First of all, I want to say thanks and pay tribute to Maura Freitas, founder of the Irish Connection and Irish Benevolent Society of BC. Maura and her team have put together an excellent and impressive programme of speakers. Thanks to all the volunteers who made this possible, including my colleagues at the Consulate General in Vancouver, Jennifer Bourke and Frank Flood. Also special thanks to the sponsors for making this possible.
Brigid’s Day is going from strength to strength. It has met a need for women to be recognised and to connect. It brings balance to the celebration of our heritage in St Patrick’s Day which has traditionally been very male orientated, from St Patrick himself to the often male-dominated Irish societies over the centuries. Celebrations of our National Day have expressed great pride in being Irish. They sustained not only the fight for independence back home but inspired love and support for Irish heritage within our Diaspora.
St Brigid’s Day adds a whole new and vital dimension to the celebration of Ireland and continuing epic story of the Irish.
There seems to me to be a number of distinct phases in the celebration of St Brigid, well captured in this programme this week.
There is the goddess Brigid from pre-Christian times. Goddess of spring, fertility, poetry and blacksmithing. She was clearly a very powerful figure in Gaelic society. This reflects the fact that women had agency in Gaelic society and, accordingly, feature as key players in the ancient Irish mythology and sagas. Think Maebh in the Táin and the Morrigan, the great queen of the otherworld who commands war and fate. Marriage was a fluid contract: Divorce was available, relations were formed and reformed.
I think the fluidity of marriage, its dependence on the quality of the relationship, was because marriage was distinct from property. Property in Gaelic Ireland was held communally. You could not alienate it from your kin and their territory, the tuath. On your death, it reverted to the kin for re-division.
Then there is the Saint Brigid of Christian times. There is no doubt that St Brigid was a very powerful figure in early Christian Ireland. We know this from the fact that she is one of our three patron saints (along with Patrick and Columkille). The order she founded began modestly as a wooden building under a magnificent oak tree that Brigid loved it. This of course recalls Brigid’s intimate relationship with nature. So attuned was she to nature that it was said that she could hang her cloak on a sunbeam. Her cell was situated on a ridge overlooking the grassy plains of the Curragh. This was probably at the close of the fifth century. Her convent was a great success and soon expanded, and around it grew the the town of Kildare. Kildare as a place name means the Church of the Oak.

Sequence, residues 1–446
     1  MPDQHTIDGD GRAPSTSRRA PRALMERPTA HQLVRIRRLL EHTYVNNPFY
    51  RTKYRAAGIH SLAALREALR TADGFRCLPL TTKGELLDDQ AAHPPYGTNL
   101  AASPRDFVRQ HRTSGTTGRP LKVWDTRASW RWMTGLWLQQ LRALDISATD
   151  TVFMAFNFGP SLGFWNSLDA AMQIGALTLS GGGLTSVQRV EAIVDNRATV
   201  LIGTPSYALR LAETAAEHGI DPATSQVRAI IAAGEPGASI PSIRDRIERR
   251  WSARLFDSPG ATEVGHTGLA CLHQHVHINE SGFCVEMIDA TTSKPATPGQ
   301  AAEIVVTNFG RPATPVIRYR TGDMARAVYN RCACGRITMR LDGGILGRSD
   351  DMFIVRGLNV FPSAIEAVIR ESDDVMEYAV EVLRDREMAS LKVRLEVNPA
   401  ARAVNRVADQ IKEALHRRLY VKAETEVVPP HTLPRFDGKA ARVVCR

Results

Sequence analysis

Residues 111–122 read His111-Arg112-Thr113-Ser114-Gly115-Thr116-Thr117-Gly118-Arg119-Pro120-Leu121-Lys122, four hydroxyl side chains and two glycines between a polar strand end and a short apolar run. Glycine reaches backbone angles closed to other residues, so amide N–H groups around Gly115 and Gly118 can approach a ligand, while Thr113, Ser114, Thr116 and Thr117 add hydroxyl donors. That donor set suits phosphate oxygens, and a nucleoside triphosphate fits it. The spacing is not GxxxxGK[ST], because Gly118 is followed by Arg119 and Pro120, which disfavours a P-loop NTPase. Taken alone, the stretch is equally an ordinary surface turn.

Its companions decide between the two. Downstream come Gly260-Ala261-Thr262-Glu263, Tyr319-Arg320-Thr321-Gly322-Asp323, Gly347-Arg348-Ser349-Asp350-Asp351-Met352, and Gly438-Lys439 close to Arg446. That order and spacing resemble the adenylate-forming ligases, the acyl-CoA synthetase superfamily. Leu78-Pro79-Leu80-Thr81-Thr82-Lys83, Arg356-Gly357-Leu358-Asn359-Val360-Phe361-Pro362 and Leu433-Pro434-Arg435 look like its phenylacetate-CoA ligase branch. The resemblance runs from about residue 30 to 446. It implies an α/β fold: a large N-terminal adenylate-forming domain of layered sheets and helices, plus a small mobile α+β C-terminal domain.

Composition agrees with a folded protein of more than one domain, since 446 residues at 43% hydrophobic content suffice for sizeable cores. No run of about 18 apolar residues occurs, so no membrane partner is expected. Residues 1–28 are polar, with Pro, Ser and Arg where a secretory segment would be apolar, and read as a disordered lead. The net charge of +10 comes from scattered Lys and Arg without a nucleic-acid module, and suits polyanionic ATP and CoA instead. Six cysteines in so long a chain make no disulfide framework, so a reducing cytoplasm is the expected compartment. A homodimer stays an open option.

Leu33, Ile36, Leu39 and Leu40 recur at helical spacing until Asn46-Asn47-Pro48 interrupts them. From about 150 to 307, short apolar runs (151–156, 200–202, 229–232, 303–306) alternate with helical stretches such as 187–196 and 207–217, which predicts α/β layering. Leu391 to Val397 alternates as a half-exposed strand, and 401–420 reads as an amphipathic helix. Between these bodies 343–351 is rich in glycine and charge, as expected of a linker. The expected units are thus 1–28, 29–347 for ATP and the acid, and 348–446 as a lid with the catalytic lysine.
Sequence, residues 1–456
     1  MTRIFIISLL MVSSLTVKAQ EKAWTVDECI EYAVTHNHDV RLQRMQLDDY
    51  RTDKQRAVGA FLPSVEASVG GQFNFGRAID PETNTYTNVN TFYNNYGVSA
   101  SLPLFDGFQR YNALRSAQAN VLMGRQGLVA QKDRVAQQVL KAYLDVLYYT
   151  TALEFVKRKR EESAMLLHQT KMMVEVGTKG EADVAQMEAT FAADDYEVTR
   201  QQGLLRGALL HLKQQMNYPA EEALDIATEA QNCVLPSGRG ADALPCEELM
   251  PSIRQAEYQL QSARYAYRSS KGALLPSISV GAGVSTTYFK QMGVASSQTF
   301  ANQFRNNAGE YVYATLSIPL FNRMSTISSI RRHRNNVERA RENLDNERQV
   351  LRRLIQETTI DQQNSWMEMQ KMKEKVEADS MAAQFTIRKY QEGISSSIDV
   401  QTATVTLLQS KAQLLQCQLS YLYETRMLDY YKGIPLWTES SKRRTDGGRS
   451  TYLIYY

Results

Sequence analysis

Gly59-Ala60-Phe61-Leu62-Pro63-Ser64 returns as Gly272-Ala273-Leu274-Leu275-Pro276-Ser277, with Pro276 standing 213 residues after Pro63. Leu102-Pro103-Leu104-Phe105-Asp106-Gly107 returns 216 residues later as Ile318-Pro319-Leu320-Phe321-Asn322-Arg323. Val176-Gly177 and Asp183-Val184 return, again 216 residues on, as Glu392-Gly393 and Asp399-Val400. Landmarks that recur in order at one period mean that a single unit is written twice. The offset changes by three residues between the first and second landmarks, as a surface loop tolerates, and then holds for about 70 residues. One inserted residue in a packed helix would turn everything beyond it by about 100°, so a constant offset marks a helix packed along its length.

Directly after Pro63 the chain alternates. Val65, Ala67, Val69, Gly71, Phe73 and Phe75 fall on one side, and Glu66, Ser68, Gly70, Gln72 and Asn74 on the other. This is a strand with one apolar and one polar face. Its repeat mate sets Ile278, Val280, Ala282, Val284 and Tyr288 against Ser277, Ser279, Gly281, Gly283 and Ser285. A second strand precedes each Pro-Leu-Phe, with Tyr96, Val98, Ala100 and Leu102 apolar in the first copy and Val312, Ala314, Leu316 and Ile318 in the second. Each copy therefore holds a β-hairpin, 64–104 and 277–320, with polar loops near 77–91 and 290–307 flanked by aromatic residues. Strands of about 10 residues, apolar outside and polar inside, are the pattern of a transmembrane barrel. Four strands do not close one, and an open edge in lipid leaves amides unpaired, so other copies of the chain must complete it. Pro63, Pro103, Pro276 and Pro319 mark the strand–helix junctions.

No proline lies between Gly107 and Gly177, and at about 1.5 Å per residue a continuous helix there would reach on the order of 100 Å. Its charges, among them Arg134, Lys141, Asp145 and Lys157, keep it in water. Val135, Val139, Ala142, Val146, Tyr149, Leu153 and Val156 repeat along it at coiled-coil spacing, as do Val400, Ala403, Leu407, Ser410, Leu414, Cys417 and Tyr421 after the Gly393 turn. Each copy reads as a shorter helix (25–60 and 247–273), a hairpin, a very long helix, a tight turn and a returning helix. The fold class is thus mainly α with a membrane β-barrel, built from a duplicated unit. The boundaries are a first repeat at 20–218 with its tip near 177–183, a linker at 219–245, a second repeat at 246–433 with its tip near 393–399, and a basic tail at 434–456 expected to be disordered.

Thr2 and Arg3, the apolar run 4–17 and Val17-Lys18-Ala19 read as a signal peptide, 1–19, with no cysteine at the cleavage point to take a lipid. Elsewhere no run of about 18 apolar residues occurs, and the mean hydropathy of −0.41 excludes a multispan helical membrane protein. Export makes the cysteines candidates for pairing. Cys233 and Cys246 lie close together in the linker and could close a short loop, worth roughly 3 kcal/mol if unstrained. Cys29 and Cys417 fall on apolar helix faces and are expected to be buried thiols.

For centuries after her death in 523, the influence of Brigid’s religious order and its convents around Ireland endured. There are thirty-four townlands and parishes in Ireland called Kilbride, the church of Bríde. Indeed, the legacy of St Brigid was so powerful that the episcopal heirs St Patrick in Armagh refrained from imposing their will on her domain. When Armagh was trying to establish its position as the archiepiscopal head of the church in Ireland in the seventh and eighth centuries, it stepped back from a confrontation with Kildare because of the power of St Brigid. In the Book of the Angel (part of the Book of Armagh), the angel that appears to Patrick and grants him and Armagh leadership of the church in Ireland, says:
“Between St Patrick and Brigit, the pillars of the Irish, such friendship of charity dwelt that they had one heart and one mind. Christ performed many miracles through him and her. The holy man therefore said to the Brigit, your paruchia in your province will be reckoned unto you for your monarchy: but in the eastern and western part it will be in my domination.”
As the historian Kathleen Hughes notes, “Armagh would not forego her universal claims to sovereignty in these areas, but she recognised the area of central Leinster remained under Brigid’s authority and except from Patrick’s universal claims” (The Church in Early Irish Society, pp 113-114.)
Devotion to Brigid is then eclipsed by the cult of the Virgin Mary in the second half of the nineteenth century, in other words after the catastrophe of the Great Famine, 1845-51. Before this Irish Nakba, the peasantry of Ireland still revered the natural environment and all the invocations of ancient beliefs that came with it – the reverence for holy wells, trees, and sacred places with their immemorial traces of previous occupation, the old churches and pilgrimages.